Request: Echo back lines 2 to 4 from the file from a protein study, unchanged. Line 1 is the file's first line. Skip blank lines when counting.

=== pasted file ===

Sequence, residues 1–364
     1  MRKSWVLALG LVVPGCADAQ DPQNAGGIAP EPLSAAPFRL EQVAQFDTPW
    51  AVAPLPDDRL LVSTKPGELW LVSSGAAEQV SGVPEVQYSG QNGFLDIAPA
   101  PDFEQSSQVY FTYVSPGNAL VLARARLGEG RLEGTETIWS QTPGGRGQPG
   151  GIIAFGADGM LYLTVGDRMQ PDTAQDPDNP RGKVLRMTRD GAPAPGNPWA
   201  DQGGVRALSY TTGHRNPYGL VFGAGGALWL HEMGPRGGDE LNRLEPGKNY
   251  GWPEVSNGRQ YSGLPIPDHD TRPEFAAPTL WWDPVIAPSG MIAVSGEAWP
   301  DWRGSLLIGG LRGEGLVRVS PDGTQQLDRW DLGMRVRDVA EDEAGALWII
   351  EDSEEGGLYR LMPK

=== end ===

     1  MRKSWVLALG LVVPGCADAQ DPQNAGGIAP EPLSAAPFRL EQVAQFDTPW
    51  AVAPLPDDRL LVSTKPGELW LVSSGAAEQV SGVPEVQYSG QNGFLDIAPA
   101  PDFEQSSQVY FTYVSPGNAL VLARARLGEG RLEGTETIWS QTPGGRGQPG